- Increasing the budgetary authority of the legislature to achieve a more effective budget process.
- The following characteristics as important to Maryland’s operating budget process:
- a. Transparency: A budget process that is clear and readily understood.
- b. Public Access: Opportunity for substantive public input during the entire budget process, including the formulation, enactment and implementation phases.
- c. Reliable, current and objective information.
- d. Accountability: A systematic review process of expenditures, programs and services to determine their impact, efficiency and sustainability.
- e. Sufficient time to deliberate.
- f. Flexibility: The ability to adjust to changing needs.
- g. Balanced budget requirement.
The focus changed in 1977 to the state budget process when members reviewed the dominant role played by the Governor and the oversight (rather than the policy-making) role of the General Assembly. The League also focused at that time on how funds were distributed. Earlier, the League had considered granting broader powers to localities, sharing state taxes, increasing state grants, decreasing the local property tax burden and other aspects of the state/local fiscal relationships. The League broadened (in 1967) its support for state grants for health, education and welfare, to (for example) grants for pollution control and urban renewal. By 1977 the relationship between state and local governments was increasingly complex, prompting members to advocate simplification and specific criteria for methods of distributing state funds and services, with careful monitoring by the legislature. Then, as now, the Governor’s budget can only be decreased by the legislature.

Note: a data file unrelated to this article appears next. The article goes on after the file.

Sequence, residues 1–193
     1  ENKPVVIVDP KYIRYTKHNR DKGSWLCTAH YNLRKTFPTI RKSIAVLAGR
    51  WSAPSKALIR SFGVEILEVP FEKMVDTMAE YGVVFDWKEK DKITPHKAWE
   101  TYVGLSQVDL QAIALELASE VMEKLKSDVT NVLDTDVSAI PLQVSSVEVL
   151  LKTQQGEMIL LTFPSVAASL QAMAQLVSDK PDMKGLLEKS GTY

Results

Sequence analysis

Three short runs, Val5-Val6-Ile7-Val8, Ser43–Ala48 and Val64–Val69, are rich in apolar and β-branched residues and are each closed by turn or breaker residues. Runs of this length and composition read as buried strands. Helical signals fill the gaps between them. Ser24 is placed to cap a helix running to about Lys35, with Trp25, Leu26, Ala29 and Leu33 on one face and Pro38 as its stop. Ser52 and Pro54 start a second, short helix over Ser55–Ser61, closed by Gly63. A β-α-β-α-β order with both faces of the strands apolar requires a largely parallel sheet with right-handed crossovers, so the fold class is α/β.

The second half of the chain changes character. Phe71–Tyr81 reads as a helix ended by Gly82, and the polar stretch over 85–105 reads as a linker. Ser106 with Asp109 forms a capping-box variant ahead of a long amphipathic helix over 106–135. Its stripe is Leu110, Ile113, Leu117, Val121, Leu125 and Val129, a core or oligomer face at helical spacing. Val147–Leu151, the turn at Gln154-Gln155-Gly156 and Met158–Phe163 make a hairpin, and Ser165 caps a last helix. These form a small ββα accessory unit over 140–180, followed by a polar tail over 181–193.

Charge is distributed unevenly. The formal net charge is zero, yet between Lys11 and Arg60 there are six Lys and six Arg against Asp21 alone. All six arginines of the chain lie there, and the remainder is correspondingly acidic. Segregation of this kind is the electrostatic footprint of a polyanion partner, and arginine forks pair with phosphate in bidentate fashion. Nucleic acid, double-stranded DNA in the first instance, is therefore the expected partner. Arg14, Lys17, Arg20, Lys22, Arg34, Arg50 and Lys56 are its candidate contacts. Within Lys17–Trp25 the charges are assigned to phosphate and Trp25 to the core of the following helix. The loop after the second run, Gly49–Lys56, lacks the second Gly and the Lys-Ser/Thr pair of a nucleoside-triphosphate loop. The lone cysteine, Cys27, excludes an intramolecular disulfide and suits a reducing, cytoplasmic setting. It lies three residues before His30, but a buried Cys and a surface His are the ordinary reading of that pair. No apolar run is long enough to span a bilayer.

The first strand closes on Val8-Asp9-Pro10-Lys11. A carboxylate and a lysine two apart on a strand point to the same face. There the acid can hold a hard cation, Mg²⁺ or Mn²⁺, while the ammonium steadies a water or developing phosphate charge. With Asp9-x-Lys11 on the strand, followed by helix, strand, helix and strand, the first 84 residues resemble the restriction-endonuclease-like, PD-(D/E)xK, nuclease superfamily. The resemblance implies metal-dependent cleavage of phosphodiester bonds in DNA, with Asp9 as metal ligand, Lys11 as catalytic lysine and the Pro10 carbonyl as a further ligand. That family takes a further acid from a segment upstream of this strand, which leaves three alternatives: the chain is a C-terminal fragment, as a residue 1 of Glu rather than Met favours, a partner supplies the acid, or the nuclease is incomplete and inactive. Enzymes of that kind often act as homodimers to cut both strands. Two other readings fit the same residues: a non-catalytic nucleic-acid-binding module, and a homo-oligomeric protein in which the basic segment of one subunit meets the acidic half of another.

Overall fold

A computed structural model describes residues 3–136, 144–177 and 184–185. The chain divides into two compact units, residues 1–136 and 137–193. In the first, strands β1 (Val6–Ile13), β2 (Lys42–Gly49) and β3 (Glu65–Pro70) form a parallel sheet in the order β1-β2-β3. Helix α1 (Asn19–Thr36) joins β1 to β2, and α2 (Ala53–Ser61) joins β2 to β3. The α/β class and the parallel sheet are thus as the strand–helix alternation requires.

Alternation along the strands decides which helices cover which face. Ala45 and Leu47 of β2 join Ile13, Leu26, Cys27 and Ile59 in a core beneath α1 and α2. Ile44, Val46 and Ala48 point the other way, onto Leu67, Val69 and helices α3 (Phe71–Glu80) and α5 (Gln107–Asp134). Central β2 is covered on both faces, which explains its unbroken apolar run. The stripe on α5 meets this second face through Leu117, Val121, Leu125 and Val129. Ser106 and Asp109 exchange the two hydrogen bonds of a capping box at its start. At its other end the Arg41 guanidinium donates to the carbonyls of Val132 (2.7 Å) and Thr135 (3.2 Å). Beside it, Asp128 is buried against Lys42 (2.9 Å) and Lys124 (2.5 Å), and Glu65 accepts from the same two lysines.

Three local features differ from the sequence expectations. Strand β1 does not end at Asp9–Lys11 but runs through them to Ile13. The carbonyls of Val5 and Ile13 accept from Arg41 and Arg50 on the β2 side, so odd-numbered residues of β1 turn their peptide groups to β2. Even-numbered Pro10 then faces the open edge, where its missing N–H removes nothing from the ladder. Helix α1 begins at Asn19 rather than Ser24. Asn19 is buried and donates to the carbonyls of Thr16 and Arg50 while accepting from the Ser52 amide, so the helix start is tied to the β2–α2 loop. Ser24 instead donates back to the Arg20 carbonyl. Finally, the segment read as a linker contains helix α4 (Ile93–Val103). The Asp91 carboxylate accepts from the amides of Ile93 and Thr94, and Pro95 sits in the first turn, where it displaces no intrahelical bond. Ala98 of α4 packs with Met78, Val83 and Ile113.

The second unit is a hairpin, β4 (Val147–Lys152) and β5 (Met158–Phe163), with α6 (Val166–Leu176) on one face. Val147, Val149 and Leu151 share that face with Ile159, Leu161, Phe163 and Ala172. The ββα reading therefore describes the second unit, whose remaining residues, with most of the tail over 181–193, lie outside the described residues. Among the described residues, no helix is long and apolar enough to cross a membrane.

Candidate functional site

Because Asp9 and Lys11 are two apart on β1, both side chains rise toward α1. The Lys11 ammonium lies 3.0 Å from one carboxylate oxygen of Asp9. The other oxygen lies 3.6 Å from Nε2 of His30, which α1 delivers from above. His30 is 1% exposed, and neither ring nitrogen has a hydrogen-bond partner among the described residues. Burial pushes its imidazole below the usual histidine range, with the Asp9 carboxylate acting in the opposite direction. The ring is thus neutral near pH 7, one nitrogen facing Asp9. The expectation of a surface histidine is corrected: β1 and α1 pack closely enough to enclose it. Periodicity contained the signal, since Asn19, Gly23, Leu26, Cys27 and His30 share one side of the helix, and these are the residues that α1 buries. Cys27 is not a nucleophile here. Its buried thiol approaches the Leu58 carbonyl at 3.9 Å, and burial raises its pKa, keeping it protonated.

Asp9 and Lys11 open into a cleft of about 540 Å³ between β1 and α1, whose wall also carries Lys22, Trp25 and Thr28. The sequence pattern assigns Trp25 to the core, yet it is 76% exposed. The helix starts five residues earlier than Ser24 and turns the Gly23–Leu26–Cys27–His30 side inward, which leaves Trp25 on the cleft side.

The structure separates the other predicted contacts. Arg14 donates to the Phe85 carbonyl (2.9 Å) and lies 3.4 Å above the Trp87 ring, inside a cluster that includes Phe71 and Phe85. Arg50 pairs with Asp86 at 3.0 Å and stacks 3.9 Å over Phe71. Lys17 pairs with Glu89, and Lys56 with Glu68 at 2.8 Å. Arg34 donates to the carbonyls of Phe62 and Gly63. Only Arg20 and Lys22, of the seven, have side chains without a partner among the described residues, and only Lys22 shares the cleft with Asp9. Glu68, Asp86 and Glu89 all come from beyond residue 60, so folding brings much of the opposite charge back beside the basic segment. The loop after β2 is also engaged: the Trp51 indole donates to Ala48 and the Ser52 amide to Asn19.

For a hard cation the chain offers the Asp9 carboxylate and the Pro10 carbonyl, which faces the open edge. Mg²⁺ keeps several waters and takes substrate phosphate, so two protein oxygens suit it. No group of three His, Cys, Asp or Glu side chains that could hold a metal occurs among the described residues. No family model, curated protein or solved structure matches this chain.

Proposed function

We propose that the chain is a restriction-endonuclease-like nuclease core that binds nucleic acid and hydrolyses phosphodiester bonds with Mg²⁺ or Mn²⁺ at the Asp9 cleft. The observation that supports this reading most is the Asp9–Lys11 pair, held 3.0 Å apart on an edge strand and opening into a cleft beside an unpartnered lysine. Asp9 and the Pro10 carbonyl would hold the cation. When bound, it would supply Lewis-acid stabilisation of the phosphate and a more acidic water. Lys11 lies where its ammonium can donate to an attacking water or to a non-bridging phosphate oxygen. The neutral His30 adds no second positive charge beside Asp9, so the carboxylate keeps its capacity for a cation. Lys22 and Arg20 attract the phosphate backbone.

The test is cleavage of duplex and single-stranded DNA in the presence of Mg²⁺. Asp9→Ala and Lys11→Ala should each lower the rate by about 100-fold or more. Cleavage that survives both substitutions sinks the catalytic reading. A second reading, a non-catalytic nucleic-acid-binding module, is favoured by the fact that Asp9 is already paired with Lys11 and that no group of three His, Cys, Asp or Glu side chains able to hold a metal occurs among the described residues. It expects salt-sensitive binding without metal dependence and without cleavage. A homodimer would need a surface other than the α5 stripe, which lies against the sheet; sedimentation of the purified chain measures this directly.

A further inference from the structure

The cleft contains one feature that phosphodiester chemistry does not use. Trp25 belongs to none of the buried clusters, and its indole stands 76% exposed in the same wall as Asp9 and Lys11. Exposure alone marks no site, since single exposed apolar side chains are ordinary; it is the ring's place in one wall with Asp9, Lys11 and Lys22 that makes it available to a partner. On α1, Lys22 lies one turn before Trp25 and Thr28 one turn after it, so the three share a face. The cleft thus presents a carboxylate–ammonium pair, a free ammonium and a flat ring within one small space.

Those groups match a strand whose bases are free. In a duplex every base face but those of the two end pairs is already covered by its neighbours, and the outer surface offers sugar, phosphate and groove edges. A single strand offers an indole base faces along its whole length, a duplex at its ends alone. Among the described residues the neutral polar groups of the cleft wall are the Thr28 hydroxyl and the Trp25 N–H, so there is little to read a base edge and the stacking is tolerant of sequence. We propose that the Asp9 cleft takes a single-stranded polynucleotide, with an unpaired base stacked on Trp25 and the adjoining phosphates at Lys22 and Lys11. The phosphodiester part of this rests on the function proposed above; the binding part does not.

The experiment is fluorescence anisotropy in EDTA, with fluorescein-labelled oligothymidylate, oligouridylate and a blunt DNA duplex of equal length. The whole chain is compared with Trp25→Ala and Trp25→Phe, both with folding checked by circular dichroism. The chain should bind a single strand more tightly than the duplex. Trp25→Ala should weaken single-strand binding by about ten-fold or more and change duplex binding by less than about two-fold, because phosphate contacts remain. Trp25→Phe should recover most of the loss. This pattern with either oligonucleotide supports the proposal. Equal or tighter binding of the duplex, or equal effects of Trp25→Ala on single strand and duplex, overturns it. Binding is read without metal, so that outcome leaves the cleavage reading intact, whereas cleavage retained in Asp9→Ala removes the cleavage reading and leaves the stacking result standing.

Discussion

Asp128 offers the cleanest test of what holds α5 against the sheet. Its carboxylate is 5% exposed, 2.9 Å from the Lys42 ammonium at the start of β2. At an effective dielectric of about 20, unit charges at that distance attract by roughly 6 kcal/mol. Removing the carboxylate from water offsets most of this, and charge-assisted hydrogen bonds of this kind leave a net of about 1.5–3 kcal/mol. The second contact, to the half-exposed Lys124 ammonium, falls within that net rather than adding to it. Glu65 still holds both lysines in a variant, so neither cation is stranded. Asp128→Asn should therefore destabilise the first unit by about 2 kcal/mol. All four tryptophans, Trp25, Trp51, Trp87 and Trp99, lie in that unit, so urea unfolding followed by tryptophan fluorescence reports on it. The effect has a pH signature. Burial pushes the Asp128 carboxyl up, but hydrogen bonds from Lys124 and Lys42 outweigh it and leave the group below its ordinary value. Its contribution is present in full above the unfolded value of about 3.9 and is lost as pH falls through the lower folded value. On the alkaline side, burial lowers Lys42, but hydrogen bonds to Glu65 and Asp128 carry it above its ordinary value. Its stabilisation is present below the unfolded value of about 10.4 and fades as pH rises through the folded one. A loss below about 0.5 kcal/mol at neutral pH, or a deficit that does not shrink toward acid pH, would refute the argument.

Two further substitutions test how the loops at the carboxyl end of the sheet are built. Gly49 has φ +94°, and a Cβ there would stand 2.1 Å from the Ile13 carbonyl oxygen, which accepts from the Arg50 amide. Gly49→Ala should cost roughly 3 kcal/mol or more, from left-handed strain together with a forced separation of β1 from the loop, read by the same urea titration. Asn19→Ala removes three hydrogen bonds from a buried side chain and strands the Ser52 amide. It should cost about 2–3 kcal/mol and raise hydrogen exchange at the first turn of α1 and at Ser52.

In 2004, the League adopted characteristics important for the operating budget.